Samaritan House expansion to include family and veteran housing, resource center

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As wintry weather sets in for the Flathead Valley amid an ongoing homelessness crisis, Kalispell’s Samaritan House has announced plans for substantial expansion, paving the way for increased housing and social services for families and homeless veterans. The “Building Stability” project will include a complete renovation of the former Army Reserve Armory in Kalispell, where Samaritan House currently houses its administrative offices. With plans underway to begin construction in 2024, the nonprofit organization continues to raise funds for the project while providing a wide range of services at its current location.

The two-part “Building Stability” project will include the construction of 18 affordable family apartments, as well as a housing and social services center for veterans. Samaritan House associate director Morgan Winchester said while homelessness affects diverse populations in the Flathead Valley, families and veterans have been particularly affected, prompting the organization to create programs for two groups.

“We see so many families coming to the shelter now. It’s so difficult even for middle-class families to afford housing in the Valley,” Winchester said. “It’s heartbreaking.”

Flathead County has one of Montana’s largest homeless populations, a group that has only grown over the past three years as pandemic-induced economic crises have pushed individuals and families out of their homes and a local population boom has caused a lot of housing to be lost. market. Data from Collaborative Housing Solutions of Northwest Montana, a coalition of local service providers, released a report summarizing Montana’s 2022 needs and gaps analysis, which found 319 homeless residents in the Kalispell area in 2022 , up from 243 in 2021 and 235 in 2020. Kalispell has the second largest homeless population in the state, falling only behind Missoula, an alarming number as Kalispell’s number exceeds that of larger municipalities like Billings, Bozeman, Butte, Helena and Great Falls.

Family apartments at Samaritan House will be two- and three-bedroom units and will be set at affordable rates, as they will be funded by the US Department of Housing and Urban Development (HUD). Winchester said Samaritan House ultimately hopes to transition many of the families who come to their shelter to these longer-term apartments. Since Samaritan House knows the needs of families already housed in the shelter, the process of moving into the nonprofit’s new units will likely be easier than asking families to find affordable housing elsewhere, which is drastic supply shortage in the valley.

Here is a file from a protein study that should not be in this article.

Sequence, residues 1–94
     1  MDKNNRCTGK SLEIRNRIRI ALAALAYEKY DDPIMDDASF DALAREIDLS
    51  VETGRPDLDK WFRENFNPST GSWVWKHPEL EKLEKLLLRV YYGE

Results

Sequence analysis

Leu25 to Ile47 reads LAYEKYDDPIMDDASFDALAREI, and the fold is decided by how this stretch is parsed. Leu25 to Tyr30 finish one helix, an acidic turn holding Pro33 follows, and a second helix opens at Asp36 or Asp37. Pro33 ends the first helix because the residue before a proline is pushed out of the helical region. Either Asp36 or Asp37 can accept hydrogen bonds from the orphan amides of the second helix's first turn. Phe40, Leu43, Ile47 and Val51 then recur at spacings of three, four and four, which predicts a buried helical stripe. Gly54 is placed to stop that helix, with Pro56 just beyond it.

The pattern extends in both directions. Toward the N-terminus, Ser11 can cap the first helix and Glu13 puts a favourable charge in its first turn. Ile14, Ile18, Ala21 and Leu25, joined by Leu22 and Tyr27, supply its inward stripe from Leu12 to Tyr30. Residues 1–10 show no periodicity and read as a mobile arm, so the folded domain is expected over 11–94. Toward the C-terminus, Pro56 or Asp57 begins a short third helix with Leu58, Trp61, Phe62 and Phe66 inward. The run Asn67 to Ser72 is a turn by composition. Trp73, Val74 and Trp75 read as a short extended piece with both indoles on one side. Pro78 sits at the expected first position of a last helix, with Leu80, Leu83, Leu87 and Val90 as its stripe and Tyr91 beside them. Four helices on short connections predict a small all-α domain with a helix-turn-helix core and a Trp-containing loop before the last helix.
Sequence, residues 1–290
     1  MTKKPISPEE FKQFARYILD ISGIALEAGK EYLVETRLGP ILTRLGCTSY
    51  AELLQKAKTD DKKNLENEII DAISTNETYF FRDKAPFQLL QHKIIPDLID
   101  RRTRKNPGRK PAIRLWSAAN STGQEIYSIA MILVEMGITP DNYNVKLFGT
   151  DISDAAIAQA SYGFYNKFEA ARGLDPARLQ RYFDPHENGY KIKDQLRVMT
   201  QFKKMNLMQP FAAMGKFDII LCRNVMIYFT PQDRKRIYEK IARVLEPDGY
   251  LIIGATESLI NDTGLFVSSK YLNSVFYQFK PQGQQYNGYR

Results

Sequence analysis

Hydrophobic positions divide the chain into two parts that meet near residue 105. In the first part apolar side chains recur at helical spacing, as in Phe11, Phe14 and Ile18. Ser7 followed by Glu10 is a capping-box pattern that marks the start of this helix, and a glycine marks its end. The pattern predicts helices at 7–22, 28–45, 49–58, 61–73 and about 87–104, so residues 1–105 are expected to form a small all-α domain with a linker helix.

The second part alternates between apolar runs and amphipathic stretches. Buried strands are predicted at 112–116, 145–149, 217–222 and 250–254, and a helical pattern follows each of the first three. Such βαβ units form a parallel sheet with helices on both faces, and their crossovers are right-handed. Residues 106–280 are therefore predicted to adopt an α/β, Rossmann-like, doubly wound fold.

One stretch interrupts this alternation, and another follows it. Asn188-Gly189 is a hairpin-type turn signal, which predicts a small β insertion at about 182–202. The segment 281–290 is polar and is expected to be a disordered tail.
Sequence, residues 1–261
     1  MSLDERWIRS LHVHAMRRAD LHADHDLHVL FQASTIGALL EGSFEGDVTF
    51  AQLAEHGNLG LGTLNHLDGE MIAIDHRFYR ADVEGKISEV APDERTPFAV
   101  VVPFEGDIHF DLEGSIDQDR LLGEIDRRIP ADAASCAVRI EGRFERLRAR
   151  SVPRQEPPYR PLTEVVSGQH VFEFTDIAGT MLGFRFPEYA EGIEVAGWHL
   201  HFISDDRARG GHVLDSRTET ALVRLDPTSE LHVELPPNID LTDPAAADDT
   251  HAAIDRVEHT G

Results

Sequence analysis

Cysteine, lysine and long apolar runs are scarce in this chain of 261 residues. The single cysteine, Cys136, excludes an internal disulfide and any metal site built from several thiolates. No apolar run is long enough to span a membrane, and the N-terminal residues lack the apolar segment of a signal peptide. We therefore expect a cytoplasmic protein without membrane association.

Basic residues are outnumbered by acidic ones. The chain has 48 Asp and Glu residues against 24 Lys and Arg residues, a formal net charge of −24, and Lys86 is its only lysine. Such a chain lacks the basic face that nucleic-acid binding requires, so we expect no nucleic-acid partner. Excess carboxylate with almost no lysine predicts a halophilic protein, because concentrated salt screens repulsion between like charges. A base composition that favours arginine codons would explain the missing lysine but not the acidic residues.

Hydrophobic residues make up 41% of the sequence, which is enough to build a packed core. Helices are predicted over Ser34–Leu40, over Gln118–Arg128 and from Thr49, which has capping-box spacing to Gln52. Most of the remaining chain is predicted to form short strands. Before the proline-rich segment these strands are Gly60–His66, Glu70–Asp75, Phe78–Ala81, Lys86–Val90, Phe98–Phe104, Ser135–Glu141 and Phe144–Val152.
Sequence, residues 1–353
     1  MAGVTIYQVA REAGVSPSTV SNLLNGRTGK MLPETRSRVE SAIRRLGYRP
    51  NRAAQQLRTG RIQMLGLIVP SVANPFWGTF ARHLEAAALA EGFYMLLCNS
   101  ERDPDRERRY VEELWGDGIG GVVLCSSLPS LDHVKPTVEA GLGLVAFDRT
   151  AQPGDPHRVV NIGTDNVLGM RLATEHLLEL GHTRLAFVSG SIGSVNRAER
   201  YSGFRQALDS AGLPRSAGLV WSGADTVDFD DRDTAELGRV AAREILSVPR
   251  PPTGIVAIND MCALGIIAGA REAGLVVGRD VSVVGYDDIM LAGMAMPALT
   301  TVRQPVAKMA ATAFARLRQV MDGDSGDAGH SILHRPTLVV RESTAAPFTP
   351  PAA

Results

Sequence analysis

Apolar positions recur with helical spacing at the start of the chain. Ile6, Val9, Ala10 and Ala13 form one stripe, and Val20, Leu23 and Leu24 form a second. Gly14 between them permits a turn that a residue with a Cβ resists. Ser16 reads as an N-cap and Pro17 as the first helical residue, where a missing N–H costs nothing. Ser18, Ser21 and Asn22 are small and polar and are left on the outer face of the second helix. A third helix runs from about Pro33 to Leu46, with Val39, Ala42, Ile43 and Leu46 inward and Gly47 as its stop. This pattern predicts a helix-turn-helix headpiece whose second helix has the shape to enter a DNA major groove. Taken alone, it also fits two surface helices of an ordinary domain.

The organization secured half of the funds needed to complete the family apartments through grants and will raise the rest through fundraising efforts.

“Building Stability” will also include the creation of housing units and a community center for veterans. Kalispell has the second highest population of homeless veterans in the state of Montana, again second only to Missoula, a major factor in Samaritan House’s goal of increasing veteran-related services. Winchester said that in addition to transitional and permanent housing, the renovated armory space will provide veterans with a place to receive disability and mental health services, to visit medical providers and to socialize with each other.

“There is a tremendous amount of veterans in the area and there is no designated housing for them here in the Valley and surrounding counties,” Winchester said. “We’re going to have services here that are specific to our vets.”

The inspiration to create a veterans center didn’t just come from demand in the valley. Recently, Samaritan House came into contact with Steve and Elaine Olson, whose son, Mark, an Army National Guard veteran, died in 2011. While serving in the military, Mark worked in catering at the Kalispell Armory, the same Samaritan House site will soon begin its renovation. In memory of their son, the Olson family donated $80,000 to help renovate and complete the kitchen at the new Veterans Center, which will be called “Mark’s Kitchen.”

“It’s a really big, full-circle event,” Winchester said. “[Mark] served in the military here, and now we are renovating this to serve veterans.

While grants and community support for the project have been helpful in moving construction forward, Samaritan House continues to collect donations to complete the family apartments and veterans center. Those interested in making a contribution can send a check to Samaritan House or donate online through the organization website.

As fundraising efforts continue, Winchester pointed out that the Samaritan House is currently open to people in the Flathead Valley experiencing homelessness.

Each person who enters Samaritan House receives three hot meals a day and has the opportunity to work with a case manager to meet their specific needs. Winchester added that Samaritan House works closely with other local organizations, such as Abbie Shelter, Community Action Partnership of Northwestern Montana, the Warming Center and A Ray of Hope. If necessary, he can also refer people to other organizations that could better meet their needs.

“Right now we’re not at full capacity,” Winchester said. “We make room in the winter. We are there, we are open, we welcome people.

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